She also does not regret the now infamous extract from that watershed column, which she described as her “Rubicon” and in which she wrote: “ET doesn’t walk into a room, he takes occupation of it. To be honest, he’s a hunk, far more attractive than his telegenic image. Could it be people have the wrong image of him? I have to remind myself to breathe. I’m impaled by the blue flame of his blowtorch eyes.”

When asked if it was perhaps time to take another stab at her journalism career, Allan said she would love to write something other than “one fillet SOS extra bitch – sauce on the side”.

She’s already dabbled in animal advocacy and blogging, most recently about lion hunter Melissa Bachman – who’s got “spectacular boobs and spectacular teeth” – and the Oscar Pistorius trial.

But Allan clearly hasn’t lost her interviewing skills, and she managed to deflect several of Horler’s prying questions as only a good journalist who is more adept at asking than responding would.

When Horler asked whether Allan had ever repaid the £1 million in costs to Channel 4 after losing the libel case, she retorted with: “This is Helen Zille’s response to questions she doesn’t want to answer”, and lifted up her face away from the audience.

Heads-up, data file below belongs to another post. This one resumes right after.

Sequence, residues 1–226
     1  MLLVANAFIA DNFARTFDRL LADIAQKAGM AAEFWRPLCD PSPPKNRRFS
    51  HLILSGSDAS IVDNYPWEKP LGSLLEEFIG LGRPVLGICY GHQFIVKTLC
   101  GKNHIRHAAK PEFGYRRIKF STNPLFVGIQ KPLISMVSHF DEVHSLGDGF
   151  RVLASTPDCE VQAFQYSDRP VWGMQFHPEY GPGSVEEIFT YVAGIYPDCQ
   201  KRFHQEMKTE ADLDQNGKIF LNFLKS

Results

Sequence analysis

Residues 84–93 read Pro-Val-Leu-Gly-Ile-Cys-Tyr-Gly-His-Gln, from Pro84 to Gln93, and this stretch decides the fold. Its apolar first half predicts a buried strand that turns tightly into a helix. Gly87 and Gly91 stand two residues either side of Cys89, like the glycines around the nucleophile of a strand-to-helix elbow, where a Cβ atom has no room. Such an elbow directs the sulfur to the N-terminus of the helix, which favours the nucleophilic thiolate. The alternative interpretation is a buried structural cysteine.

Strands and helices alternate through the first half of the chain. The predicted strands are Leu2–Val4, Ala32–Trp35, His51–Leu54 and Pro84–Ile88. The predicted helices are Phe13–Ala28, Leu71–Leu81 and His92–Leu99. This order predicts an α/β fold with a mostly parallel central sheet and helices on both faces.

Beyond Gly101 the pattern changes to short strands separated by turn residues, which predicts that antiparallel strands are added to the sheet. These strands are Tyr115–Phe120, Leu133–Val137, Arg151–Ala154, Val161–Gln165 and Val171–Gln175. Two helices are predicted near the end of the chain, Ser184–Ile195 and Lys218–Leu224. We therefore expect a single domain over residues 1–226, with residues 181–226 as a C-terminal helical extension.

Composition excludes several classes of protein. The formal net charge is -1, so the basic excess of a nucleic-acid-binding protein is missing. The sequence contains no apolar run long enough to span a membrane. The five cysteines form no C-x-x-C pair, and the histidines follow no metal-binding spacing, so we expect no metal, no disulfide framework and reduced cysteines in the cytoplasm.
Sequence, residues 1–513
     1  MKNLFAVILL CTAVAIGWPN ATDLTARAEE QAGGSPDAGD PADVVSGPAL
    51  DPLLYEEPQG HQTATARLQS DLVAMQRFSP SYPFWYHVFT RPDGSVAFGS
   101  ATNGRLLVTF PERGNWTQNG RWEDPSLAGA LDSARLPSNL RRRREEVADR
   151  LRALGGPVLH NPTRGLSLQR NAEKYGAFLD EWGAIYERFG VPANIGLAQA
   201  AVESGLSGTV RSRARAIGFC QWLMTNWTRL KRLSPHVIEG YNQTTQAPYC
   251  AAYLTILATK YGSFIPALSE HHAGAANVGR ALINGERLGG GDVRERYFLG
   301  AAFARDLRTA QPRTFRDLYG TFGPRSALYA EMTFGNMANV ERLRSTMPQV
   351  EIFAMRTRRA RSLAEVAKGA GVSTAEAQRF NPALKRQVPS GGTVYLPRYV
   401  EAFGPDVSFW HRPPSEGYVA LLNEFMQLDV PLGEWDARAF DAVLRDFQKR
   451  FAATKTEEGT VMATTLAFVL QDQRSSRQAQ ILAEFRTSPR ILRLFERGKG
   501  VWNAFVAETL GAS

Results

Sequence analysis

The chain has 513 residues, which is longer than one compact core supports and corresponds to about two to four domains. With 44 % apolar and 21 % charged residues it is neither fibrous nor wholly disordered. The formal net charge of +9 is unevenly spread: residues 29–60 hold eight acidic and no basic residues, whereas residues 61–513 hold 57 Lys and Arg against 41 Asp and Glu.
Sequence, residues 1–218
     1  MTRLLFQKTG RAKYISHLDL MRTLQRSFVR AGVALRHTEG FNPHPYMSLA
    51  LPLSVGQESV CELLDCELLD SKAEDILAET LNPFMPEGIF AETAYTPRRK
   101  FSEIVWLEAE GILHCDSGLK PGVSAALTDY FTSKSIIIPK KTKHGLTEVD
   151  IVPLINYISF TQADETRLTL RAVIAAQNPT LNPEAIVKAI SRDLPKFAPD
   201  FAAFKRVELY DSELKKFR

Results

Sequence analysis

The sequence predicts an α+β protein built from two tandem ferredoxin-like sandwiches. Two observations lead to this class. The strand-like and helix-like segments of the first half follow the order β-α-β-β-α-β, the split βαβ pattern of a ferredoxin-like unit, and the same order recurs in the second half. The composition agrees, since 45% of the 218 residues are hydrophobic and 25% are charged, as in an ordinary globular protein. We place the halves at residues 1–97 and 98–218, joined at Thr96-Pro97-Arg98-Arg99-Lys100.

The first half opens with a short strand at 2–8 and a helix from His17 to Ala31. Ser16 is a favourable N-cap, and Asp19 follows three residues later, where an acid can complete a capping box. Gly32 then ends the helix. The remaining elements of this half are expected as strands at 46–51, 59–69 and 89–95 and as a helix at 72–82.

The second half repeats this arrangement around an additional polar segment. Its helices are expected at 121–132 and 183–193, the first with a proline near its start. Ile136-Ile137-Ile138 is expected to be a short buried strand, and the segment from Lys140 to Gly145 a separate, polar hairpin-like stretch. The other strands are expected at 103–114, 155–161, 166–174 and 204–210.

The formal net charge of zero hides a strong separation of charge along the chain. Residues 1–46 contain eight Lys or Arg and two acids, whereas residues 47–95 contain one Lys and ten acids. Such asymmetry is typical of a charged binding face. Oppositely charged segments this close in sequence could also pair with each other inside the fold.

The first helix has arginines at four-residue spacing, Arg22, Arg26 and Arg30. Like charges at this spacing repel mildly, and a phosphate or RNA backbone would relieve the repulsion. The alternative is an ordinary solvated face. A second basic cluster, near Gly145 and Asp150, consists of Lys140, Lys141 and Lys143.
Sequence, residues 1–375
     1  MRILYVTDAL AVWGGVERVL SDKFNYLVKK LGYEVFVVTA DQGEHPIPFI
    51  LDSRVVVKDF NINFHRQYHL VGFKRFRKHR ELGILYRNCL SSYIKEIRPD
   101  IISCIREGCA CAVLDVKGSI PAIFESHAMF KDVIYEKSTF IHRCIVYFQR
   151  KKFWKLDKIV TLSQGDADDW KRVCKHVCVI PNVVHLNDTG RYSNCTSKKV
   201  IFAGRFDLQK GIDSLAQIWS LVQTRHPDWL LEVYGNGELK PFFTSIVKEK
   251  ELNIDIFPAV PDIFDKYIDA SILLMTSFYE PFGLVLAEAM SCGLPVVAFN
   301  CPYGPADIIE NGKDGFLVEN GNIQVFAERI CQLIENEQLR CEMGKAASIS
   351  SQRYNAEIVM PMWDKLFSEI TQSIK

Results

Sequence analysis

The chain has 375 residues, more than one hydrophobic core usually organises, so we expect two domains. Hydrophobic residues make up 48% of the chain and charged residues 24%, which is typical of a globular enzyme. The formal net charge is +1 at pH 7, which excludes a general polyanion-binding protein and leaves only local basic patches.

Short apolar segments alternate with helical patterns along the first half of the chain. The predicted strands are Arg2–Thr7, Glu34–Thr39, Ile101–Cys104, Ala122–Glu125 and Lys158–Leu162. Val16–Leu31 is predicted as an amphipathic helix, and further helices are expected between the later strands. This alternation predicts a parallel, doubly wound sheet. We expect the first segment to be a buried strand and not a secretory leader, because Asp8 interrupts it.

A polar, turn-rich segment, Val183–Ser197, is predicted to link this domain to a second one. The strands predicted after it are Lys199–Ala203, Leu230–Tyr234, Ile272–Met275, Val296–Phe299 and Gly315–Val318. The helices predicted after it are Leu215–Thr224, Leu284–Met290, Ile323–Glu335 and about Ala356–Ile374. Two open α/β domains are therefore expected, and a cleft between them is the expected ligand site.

Allan has no plans to return home to South Africa, unless “someone makes me an offer”. And for now, she seems content to close the book on her former high-profile life, preferring to eke out an honest living as a waitress. “It teaches you humility, which is good. And boy, am I humble.”

And when Horler reminded her, however, that she will always be inextricably linked to the hirsute AWB leader who later died an ignominious death, she snapped: “In your mind, not in my mind. In mine, it’s O-V-E-R. To me it was one chapter in a life that has been as full as a pomegranate is of pips.”

* Jani Confidential by Jani Allan is published by Jacana.